Truncus arteriosus
MedGen UID:
22501
Concept ID:
C0041206
Embryonic Structure
A single arterial trunk arises from the cardiac mass. The pulmonary arteries, aorta and coronary arteries arise from this single trunk with no evidence of another outflow tract.
Hypoplastic left heart syndrome
MedGen UID:
57746
Concept ID:
C0152101
Disease or Syndrome
Critical congenital heart disease (CCHD) is a term that refers to a group of serious heart defects that are present from birth. These abnormalities result from problems with the formation of one or more parts of the heart during the early stages of embryonic development. CCHD prevents the heart from pumping blood effectively or reduces the amount of oxygen in the blood. As a result, organs and tissues throughout the body do not receive enough oxygen, which can lead to organ damage and life-threatening complications. Individuals with CCHD usually require surgery soon after birth.\n\nAlthough babies with CCHD may appear healthy for the first few hours or days of life, signs and symptoms soon become apparent. These can include an abnormal heart sound during a heartbeat (heart murmur), rapid breathing (tachypnea), low blood pressure (hypotension), low levels of oxygen in the blood (hypoxemia), and a blue or purple tint to the skin caused by a shortage of oxygen (cyanosis). If untreated, CCHD can lead to shock, coma, and death. However, most people with CCHD now survive past infancy due to improvements in early detection, diagnosis, and treatment.\n\nSome people with treated CCHD have few related health problems later in life. However, long-term effects of CCHD can include delayed development and reduced stamina during exercise. Adults with these heart defects have an increased risk of abnormal heart rhythms, heart failure, sudden cardiac arrest, stroke, and premature death.\n\nEach of the heart defects associated with CCHD affects the flow of blood into, out of, or through the heart. Some of the heart defects involve structures within the heart itself, such as the two lower chambers of the heart (the ventricles) or the valves that control blood flow through the heart. Others affect the structure of the large blood vessels leading into and out of the heart (including the aorta and pulmonary artery). Still others involve a combination of these structural abnormalities.\n\nPeople with CCHD have one or more specific heart defects. The heart defects classified as CCHD include coarctation of the aorta, double-outlet right ventricle, D-transposition of the great arteries, Ebstein anomaly, hypoplastic left heart syndrome, interrupted aortic arch, pulmonary atresia with intact septum, single ventricle, total anomalous pulmonary venous connection, tetralogy of Fallot, tricuspid atresia, and truncus arteriosus.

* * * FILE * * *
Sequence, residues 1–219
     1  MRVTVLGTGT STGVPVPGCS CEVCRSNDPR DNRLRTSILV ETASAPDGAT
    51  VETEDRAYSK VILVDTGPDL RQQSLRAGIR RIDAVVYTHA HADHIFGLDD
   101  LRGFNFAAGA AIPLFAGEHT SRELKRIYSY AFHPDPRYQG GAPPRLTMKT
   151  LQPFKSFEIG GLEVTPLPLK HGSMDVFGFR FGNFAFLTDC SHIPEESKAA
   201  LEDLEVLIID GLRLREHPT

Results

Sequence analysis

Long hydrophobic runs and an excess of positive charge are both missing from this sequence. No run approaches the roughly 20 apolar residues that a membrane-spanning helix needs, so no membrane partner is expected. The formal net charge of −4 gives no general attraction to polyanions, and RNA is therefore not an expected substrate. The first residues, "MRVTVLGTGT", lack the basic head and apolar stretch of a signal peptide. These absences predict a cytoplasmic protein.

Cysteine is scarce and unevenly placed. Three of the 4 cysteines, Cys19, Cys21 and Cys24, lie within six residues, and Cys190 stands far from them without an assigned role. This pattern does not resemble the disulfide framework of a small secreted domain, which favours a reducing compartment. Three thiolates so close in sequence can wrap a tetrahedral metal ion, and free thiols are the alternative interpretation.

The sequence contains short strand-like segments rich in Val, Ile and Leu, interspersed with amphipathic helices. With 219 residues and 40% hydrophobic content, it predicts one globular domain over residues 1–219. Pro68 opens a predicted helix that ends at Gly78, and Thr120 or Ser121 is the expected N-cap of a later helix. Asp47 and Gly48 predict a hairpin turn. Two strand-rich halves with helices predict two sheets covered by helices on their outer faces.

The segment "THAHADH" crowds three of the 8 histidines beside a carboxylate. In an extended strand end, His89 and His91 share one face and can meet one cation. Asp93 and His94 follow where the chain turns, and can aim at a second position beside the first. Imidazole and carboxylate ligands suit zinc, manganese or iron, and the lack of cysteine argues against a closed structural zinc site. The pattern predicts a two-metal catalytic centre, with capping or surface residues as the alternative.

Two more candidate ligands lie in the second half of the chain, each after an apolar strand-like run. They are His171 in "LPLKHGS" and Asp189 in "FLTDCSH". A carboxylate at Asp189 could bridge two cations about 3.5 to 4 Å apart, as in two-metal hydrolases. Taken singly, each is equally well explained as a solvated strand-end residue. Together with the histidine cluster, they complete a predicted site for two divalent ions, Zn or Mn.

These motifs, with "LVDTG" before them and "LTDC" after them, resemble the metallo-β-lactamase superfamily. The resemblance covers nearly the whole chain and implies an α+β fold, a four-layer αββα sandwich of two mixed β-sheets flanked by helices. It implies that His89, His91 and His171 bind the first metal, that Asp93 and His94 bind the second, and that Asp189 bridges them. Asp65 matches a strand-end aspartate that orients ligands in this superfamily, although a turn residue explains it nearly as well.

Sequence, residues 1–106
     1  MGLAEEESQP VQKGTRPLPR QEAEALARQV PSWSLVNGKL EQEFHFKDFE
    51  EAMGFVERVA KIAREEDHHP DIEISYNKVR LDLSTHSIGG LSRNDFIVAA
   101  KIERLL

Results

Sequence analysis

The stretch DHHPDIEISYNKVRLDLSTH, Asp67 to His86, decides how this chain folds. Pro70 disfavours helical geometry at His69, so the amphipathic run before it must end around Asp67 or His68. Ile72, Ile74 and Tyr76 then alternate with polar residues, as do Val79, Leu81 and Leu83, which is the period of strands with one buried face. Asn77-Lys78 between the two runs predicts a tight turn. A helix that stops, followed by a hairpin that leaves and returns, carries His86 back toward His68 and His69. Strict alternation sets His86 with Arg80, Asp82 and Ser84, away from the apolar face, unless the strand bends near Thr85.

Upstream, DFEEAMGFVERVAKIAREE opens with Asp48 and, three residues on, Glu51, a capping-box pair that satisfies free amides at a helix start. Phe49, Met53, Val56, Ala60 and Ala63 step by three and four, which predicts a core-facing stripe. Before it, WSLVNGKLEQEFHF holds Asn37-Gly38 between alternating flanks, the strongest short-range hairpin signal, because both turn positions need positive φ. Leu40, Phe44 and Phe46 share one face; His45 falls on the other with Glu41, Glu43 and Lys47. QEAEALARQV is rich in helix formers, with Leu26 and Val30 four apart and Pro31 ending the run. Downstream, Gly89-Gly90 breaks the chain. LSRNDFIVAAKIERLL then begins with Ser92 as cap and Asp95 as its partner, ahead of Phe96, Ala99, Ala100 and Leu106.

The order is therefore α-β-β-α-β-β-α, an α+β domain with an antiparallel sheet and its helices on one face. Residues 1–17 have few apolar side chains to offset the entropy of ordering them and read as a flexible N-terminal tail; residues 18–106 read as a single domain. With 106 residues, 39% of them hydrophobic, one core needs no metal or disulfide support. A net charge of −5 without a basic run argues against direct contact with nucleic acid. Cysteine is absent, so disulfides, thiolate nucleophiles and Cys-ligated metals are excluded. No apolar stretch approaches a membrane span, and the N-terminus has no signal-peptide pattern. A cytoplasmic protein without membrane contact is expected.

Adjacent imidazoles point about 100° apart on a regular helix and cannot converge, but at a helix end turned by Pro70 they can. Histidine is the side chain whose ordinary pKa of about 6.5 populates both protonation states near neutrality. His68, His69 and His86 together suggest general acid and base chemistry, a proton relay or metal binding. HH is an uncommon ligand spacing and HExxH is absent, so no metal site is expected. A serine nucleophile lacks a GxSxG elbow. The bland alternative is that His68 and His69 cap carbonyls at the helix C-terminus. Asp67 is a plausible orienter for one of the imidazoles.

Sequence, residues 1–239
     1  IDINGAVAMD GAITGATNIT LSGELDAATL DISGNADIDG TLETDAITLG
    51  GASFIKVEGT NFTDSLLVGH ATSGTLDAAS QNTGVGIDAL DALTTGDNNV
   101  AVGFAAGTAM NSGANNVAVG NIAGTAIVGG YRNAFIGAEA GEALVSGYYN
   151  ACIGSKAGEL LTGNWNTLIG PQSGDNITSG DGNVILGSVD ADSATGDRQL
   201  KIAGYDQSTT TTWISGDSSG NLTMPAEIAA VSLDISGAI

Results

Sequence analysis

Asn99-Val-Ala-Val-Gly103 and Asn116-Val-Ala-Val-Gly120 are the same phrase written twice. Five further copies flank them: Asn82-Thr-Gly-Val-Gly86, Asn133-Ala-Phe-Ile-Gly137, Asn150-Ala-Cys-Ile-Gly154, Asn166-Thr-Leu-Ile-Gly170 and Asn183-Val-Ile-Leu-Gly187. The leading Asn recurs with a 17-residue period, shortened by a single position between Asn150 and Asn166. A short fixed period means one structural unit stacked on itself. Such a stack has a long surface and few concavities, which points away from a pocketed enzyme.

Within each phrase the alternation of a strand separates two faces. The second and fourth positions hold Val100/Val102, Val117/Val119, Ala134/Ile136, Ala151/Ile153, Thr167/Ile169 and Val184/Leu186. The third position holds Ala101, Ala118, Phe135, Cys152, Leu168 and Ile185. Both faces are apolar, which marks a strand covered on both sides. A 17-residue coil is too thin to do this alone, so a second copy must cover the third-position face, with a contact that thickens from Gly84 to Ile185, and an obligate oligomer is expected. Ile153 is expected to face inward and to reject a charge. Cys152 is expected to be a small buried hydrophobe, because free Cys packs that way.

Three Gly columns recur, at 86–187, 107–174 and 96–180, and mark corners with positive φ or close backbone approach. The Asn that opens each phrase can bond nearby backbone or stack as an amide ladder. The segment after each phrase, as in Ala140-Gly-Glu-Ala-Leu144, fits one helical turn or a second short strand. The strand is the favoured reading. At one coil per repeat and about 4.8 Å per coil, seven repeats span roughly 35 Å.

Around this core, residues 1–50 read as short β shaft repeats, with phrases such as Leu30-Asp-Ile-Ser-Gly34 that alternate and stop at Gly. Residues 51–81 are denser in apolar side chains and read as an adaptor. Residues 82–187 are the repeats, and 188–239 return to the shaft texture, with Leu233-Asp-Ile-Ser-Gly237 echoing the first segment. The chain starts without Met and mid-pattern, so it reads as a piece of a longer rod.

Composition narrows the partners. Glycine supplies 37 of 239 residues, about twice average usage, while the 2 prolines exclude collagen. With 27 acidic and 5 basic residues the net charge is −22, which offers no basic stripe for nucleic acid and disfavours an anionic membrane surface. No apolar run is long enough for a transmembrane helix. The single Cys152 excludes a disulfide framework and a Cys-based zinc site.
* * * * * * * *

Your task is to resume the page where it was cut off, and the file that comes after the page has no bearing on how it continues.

Left axis deviation
MedGen UID:
534423
Concept ID:
C0232297
Finding
A kind of abnormal ventricular axis in the EKG whereby the QRS axis falls between -30 degrees and -90 degrees.
Pulmonary artery atresia
MedGen UID:
82723
Concept ID:
C0265908
Congenital Abnormality
A congenital anomaly with a narrowing or complete absence of the opening between the right ventricle and the pulmonary artery.
Mitral atresia disorder
MedGen UID:
91035
Concept ID:
C0344760
Congenital Abnormality
A congenital defect with failure to open of the mitral valve orifice.
Pulmonic stenosis
MedGen UID:
408291
Concept ID:
C1956257
Disease or Syndrome
A narrowing of the right ventricular outflow tract that can occur at the pulmonary valve (valvular stenosis), below the pulmonary valve (infundibular stenosis), or above the pulmonary valve (supravalvar stenosis).
Arteria lusoria
MedGen UID: